However, all was not lost. I could still study some other subject in either the (Liberal) Arts faculty, the Commerce faculty or the Institute of Business Administration (IBA) of Dhaka University. All of these Schools were known for providing good programmes of high educational standard. I took the tests for all three Schools and qualified for only the Arts faculty. I quickly took the decision along with my parents to study English Literature. I got in and started attending the lectures, tutorial classes and seminars. I was happy with the programme, with the teachers, and with my fellow batch mates. However, when the time came around for the next year's entrance test at IBA (which always takes place first out of all the Schools in Dhaka University), I became a little unsettled again. All my good friends were studying either a Science discipline or a Commerce discipline. Since I knew it would be tough for me to get entry into the Science faculty, I decided to go for the IBA entrance test. Luckily, second time around, I was successful. I took admission and started the first semester in IBA. I realised that the method of teaching was quite different here from the English department in the Arts faculty. With the passage of time, I went through all eight semesters of the Bachelor of Business Administration (BBA) programme. Although I wasn't comfortable with all aspects of the teaching, I fared quite well. Finally I graduated with a moderate result and a concentration in Marketing courses in 2004. Following successful completion of my courses, I did internship in an advertising agency and then took the comprehensive examination which was the final requirement of my BBA programme.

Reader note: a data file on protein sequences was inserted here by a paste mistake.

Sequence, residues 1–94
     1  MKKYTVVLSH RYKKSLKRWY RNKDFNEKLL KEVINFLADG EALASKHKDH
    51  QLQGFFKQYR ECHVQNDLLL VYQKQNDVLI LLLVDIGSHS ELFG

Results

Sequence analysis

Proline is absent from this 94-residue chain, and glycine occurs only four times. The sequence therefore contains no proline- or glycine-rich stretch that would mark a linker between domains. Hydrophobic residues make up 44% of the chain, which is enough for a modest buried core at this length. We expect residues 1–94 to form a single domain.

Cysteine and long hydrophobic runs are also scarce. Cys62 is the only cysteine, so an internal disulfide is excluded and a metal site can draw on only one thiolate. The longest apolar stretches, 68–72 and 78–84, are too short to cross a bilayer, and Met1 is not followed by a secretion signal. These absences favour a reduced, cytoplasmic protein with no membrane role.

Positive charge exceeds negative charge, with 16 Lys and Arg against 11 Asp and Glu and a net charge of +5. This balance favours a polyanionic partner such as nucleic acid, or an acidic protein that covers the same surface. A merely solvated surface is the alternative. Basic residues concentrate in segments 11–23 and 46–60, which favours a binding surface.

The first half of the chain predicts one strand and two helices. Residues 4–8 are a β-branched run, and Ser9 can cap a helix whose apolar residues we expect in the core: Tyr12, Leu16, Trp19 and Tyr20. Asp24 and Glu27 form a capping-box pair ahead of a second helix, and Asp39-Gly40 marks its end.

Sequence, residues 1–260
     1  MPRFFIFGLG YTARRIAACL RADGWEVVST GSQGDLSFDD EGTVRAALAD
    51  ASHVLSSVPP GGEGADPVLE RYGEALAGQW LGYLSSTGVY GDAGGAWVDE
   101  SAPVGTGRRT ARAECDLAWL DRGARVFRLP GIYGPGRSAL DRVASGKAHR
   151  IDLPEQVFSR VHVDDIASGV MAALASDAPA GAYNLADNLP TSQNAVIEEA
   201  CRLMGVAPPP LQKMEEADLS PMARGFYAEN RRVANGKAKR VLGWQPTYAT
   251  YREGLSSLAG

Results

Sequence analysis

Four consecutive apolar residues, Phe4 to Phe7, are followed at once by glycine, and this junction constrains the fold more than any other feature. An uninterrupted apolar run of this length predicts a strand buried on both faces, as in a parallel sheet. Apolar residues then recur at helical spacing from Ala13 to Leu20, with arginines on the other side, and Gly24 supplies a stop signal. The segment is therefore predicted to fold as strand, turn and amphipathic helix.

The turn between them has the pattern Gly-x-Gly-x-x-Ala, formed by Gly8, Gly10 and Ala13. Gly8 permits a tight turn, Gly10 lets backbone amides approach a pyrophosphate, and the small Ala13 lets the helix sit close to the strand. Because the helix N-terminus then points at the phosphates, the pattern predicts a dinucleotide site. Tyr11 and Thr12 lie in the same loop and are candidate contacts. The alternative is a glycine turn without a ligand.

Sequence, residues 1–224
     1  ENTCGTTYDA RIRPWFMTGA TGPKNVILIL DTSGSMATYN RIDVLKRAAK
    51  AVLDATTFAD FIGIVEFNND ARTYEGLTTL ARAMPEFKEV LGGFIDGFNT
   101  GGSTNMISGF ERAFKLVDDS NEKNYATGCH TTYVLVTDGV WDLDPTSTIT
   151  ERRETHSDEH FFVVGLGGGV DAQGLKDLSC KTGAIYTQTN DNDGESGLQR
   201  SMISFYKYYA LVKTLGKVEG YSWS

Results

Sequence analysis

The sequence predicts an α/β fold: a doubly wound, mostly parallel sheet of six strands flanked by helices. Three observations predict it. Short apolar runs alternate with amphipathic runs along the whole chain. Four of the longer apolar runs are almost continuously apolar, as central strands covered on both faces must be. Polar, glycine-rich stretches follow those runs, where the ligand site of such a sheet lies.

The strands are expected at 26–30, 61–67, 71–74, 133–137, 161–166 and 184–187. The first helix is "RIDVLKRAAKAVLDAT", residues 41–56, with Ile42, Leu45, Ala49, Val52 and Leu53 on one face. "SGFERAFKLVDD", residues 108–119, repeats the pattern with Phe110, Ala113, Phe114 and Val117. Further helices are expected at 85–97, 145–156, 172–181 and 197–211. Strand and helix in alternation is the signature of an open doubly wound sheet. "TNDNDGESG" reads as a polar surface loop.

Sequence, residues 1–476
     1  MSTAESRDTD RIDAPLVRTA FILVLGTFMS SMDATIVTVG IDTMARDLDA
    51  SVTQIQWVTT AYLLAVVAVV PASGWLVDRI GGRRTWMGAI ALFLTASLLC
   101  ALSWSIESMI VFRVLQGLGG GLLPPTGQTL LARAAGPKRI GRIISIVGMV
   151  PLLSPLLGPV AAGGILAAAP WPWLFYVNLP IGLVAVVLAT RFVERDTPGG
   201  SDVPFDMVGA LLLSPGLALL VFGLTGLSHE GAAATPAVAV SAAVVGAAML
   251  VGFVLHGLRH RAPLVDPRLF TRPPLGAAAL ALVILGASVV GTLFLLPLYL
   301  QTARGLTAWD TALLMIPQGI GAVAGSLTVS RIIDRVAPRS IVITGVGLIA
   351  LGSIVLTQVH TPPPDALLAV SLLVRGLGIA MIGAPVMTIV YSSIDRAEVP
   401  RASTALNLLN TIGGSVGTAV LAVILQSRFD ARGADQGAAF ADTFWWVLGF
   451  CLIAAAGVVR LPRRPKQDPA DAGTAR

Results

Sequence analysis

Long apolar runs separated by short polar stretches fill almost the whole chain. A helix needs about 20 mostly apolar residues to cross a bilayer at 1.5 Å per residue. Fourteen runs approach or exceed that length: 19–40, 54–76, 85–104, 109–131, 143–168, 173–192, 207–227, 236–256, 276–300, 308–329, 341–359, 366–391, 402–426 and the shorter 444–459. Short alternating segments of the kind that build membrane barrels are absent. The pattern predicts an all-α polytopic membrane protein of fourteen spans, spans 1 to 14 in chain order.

With my BBA complete, I continued to pursue my professional career in the advertising agency where I had interned. After about 7 months of serving in that agency, I left and took some time to collect my thoughts about what I wanted to do. I decided that I would try my luck with multinational companies in the country. I did two jobs in two multinational companies for about ten months. I had already decided that I would start my postgraduate education in the country. So I took the Master of Business Administration entrance test in IBA towards the end of 2004. Luckily, without any particular preparation, I qualified for a seat in the MBA programme. My session started in February 2005. At this time I was in between switching jobs. By the end of my first semester in the MBA programme at IBA, I suddenly took a life-changing decision. I let my parents know that I wanted to go abroad to pursue a postgraduate degree in Marketing. Initially, my parents were skeptical seeing that I was already involved in a good job and a good postgraduate education programme at home.